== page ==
Sir, Your article “Questions raised over Financial Conduct Authority’s forex probe” (November 12) queries the FCA’s methodology in dealing with the scandal, but could have gone on to challenge its solution to it. At least in the case of Royal Bank of Scotland Group, the fines the FCA imposed are ill-judged and counter-productive.

RBS is, of course, 79 per cent owned by the UK taxpayer, so 79 per cent of its fine was imposed by ourselves on ourselves. But far from being a near non-event, the fine’s injury to the bank’s reputation and damage to its financial health will impede the government’s effort to offload its stake, as well as harming the bank’s valuation in the market, thus diminishing the sale proceeds to be received.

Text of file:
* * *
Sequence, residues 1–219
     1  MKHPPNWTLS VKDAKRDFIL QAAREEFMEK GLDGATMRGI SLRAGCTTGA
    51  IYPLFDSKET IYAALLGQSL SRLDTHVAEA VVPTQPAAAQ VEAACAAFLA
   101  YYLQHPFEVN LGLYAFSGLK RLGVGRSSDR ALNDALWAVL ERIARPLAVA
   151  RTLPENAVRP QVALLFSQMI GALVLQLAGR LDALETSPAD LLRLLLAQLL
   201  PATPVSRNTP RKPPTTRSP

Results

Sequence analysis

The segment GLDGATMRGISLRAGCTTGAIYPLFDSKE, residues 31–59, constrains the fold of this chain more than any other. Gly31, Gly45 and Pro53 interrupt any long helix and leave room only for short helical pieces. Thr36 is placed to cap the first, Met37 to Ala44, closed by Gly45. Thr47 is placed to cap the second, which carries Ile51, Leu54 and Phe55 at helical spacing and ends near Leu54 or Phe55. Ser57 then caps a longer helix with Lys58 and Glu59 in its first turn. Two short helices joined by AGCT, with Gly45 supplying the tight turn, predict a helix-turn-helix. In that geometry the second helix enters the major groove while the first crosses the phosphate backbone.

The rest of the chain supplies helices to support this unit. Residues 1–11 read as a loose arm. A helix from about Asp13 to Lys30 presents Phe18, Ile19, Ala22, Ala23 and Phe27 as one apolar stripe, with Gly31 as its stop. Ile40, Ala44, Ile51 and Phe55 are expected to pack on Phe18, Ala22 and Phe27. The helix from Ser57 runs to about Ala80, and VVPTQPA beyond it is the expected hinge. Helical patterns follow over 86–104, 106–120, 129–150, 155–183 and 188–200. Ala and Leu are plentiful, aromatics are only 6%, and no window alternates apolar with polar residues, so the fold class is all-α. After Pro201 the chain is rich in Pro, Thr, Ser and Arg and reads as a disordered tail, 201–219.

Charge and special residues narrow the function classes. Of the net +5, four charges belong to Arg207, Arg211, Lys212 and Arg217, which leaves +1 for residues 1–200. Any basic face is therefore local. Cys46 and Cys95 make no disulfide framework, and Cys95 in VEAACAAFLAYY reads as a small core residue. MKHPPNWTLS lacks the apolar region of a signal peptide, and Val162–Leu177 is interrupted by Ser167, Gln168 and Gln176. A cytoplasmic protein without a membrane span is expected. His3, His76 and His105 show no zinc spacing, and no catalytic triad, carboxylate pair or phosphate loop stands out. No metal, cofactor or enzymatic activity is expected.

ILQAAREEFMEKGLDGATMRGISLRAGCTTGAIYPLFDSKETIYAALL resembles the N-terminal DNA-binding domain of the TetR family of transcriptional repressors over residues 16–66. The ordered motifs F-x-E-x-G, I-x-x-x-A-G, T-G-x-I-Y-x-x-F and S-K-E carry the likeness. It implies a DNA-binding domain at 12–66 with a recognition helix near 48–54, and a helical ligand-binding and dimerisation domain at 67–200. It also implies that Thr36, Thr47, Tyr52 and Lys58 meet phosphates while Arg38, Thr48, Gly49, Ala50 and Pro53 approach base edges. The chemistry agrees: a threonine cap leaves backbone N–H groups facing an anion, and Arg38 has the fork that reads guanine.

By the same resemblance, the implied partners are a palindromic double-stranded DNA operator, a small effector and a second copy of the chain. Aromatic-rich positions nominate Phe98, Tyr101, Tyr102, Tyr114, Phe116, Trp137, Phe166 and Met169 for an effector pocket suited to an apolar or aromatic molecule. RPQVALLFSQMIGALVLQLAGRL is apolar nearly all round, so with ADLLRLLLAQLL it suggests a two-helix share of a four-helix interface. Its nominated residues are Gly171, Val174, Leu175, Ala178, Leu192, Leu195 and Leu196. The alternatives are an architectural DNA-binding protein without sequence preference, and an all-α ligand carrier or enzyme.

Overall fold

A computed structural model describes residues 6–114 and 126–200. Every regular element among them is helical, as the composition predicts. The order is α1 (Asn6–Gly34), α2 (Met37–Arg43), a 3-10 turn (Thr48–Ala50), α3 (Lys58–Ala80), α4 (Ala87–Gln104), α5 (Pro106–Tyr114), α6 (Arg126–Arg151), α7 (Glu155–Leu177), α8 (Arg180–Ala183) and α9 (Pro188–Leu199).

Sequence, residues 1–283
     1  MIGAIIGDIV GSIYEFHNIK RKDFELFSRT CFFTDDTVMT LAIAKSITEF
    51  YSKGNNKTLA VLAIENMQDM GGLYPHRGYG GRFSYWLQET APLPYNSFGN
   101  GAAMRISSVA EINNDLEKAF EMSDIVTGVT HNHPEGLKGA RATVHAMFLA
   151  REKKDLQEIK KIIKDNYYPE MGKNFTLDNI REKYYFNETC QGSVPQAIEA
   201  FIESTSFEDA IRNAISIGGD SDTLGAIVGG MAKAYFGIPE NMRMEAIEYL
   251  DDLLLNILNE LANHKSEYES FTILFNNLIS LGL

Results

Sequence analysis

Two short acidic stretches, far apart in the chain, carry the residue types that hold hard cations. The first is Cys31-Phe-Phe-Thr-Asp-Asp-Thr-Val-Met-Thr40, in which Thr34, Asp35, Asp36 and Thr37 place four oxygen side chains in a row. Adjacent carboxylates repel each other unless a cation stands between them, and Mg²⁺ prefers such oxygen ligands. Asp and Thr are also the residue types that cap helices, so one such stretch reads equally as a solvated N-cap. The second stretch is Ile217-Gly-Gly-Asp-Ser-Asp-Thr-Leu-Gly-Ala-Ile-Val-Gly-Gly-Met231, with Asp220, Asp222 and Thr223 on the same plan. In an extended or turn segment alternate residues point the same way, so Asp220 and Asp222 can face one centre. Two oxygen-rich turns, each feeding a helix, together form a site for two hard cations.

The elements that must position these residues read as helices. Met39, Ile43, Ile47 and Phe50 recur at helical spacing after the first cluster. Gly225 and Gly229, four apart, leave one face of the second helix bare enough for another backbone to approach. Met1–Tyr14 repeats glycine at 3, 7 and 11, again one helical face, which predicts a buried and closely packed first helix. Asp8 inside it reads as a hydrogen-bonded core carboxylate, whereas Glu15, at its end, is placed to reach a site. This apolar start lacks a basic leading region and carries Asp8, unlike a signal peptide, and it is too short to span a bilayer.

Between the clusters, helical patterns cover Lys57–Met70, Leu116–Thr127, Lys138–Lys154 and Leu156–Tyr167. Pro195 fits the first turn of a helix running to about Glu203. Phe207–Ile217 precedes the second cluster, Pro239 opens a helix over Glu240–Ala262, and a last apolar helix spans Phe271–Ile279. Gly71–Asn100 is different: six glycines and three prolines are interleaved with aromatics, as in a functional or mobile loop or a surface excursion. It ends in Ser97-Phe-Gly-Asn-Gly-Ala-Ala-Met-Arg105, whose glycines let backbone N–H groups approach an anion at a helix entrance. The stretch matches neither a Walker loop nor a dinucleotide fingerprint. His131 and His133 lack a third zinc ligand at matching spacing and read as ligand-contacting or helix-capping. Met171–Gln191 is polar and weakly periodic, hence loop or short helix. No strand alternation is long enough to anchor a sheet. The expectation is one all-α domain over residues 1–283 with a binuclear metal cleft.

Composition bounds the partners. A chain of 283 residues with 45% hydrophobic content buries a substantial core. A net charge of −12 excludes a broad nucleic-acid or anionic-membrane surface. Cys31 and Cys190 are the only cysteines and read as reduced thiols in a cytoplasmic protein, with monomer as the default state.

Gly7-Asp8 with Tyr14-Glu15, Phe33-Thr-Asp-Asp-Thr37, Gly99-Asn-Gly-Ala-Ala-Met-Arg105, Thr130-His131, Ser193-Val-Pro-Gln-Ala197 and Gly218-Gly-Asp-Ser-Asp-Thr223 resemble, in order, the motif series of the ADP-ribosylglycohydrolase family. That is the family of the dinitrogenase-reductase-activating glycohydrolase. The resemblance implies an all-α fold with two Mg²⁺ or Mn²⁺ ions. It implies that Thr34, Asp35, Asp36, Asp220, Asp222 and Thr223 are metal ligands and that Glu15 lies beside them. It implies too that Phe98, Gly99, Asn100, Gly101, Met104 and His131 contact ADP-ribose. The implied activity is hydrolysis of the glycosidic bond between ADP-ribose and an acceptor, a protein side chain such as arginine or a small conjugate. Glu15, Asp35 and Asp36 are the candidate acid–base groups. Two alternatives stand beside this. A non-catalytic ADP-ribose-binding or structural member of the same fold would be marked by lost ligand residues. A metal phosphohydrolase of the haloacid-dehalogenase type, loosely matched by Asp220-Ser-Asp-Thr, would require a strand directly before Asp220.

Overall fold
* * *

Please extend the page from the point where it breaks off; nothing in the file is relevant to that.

Moreover, at a time when the government is pulling out all the stops to increase lending, a diminution in this important institution’s capital base, the ensuing dent to its employees’ confidence, and the impediments to efficiency brought about by the inevitable increase in the burden of compliance and regulation, will all push it in the wrong direction.

The truth, of course, is that the fines were less driven by a sense of justice than an attempt to appease resentment against the banks, and by a disingenuous desire to stoke the threadbare public coffers.

It would have served the object more efficiently to make the individuals involved the prime target rather than the institutions.

David Crook

Chief Executive,

Tail Wind Advisory & Management,

London WC2E, UK

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